Justice Cooper specifically said that he disagreed with Dobson J's decision in Ridgecrest on this point, and said that:

"The merger doctrine applies in relation to two sets of damage and the implications of the fact that the replacement building is a "new insurance prospect" can be adequately dealt with by mechanisms such as the RSI clause discussed earlier in this judgment."

He went on to say that:

"That conclusion also responds to the submission made by Ms Rosic that to conclude that the doctrine of merger should be applied in the present case would somehow be contrary to the terms of the policy. The answer is that the policy is one that is intended to indemnify the insured for the loss suffered. Given the total loss of the insured buildings, the objective of providing indemnity cover can be met if cover up to the sum insured is provided in respect of each building. While the September damage was covered, and there are extant claims in respect of it, once the February earthquake took place, the unrepaired damage sustained in the September event was no longer a loss for which indemnity needed to be provided."


There is a dispute regarding whether one of the plaintiff's properties, at New Brighton Mall, is a total loss. Arising from that is a question of whether the average clause in the insurance policy limits the defendant's obligation to pay the full sum insured for the damage to this property.

The average clause takes into account the sum insured compared with the value of the property. The difficulty is that the value of the property can be calculated in different ways. In the agreed statement of facts, the parties said:

"The parties cannot agree on the repair or replacement cost of the damage caused to New Brighton Mall by the February Earthquake. However, the following estimates have been obtained:
  1. depreciated replacement cost indemnity value of New Brighton Mall, as at 21 February 2011, has been estimated at $4,580,000;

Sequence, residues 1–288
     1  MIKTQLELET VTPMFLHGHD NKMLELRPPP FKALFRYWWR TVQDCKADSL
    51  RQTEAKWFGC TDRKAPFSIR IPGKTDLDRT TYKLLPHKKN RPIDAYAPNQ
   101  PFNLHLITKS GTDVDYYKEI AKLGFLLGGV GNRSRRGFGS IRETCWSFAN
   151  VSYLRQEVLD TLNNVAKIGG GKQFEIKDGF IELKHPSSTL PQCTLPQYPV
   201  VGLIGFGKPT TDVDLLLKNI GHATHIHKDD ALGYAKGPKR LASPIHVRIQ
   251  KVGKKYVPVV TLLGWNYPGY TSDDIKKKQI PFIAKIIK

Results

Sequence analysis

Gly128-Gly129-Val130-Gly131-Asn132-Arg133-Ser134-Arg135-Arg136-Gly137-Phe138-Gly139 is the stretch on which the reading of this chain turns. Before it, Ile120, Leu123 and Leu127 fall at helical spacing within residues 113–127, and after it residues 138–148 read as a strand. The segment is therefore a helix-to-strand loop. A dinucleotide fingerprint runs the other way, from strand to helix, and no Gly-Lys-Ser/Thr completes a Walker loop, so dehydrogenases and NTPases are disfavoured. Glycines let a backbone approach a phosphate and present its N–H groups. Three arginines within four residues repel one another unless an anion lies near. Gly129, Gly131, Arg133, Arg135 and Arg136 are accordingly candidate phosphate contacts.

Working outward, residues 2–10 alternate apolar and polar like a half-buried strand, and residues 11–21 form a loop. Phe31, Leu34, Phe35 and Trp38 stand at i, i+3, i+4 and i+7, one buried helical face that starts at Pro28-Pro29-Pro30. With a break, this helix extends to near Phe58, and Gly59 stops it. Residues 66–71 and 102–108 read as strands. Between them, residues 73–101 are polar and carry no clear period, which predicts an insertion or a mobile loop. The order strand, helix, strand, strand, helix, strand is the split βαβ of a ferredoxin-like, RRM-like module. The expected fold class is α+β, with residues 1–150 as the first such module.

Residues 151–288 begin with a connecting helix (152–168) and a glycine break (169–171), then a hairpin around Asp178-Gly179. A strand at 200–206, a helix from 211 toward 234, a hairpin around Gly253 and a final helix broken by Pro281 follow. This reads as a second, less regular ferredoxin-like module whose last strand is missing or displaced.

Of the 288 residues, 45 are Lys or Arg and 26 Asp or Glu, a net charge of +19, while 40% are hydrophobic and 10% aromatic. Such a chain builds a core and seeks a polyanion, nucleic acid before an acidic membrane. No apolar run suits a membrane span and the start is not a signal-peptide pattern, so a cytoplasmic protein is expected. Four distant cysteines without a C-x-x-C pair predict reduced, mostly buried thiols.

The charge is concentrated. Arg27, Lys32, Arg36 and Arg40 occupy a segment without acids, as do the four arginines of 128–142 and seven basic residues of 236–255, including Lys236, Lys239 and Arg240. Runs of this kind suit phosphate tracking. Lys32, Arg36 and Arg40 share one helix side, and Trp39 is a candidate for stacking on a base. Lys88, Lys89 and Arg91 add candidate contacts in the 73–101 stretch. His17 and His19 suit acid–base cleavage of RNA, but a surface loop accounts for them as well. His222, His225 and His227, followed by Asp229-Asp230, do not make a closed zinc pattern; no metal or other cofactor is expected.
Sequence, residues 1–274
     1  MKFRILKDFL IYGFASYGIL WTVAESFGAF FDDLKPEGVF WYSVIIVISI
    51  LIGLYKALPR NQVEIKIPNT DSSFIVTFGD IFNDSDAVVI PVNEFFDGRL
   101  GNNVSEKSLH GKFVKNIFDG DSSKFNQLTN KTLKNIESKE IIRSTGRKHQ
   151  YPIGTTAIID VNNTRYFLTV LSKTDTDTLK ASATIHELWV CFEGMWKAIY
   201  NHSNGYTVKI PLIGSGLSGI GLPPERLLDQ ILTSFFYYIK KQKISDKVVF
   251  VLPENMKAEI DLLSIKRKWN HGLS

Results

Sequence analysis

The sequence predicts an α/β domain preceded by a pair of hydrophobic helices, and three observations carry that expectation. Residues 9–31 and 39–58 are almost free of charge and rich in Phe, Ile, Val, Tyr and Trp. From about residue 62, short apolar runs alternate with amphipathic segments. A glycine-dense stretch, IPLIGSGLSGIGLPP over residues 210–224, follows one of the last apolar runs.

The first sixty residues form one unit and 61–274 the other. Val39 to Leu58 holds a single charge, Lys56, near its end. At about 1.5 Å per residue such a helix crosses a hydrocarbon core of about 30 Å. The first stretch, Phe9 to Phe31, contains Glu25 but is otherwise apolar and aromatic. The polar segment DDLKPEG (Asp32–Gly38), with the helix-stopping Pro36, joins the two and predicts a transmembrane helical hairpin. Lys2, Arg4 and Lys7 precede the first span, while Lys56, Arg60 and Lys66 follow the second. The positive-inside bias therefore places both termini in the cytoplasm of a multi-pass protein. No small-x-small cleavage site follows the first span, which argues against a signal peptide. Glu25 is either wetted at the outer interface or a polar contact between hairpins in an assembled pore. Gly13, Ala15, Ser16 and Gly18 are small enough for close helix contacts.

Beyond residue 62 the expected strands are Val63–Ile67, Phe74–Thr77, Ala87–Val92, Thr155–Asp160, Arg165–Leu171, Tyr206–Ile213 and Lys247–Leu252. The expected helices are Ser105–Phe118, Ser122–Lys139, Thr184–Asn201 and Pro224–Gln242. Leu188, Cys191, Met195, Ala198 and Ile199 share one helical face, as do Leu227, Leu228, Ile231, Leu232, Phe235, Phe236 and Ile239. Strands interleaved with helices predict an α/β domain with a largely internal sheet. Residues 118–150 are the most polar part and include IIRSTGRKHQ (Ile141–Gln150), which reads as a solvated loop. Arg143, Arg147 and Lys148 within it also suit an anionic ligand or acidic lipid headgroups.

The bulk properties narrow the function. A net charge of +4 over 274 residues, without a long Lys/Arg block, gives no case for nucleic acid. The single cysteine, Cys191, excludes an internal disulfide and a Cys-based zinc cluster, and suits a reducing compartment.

2. the cost of repairing the damage caused to New Brighton Mall by the February Earthquake has been estimated at $5.3m;
  3. the replacement cost of New Brighton Mall, as at 21 February 2011, has been estimated at $9,569,320; and
  4. the cost of rebuilding New Brighton Mall has been estimated at $11.4m."

Justice Cooper decided that based on the wording of this policy, the value of the insured property depends on the election made by the plaintiff in terms of whether or not to repair or reinstate the property, and that if reinstatement does not occur then the depreciated replacement cost indemnity value would apply.


Based on the above, Cooper J answer the questions before him as follows:

"The defendants' liability to indemnify the plaintiff for the separate damage caused to the insured properties by the September earthquake is limited to the sums that had already been paid at the time of the February earthquake. Thereafter, the liability is limited to the maximum amount set out in the Schedule as the sum insured for each building. For the avoidance of doubt, that amount would be the full sum insured, without deduction for the September payments."
"The value of the insured property for the purposes of the Average clause will reflect the basis of recovery elected by the plaintiff in respect of covered damage to that property. If the plaintiff elects not to reinstate the insured property, the answer to the second question is no, based on the estimates contained in paragraph 20 of the agreed statement of facts."

The content of this article is intended to provide a general guide to the subject matter. Specialist advice should be sought about your specific circumstances.

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Stephanie Grieve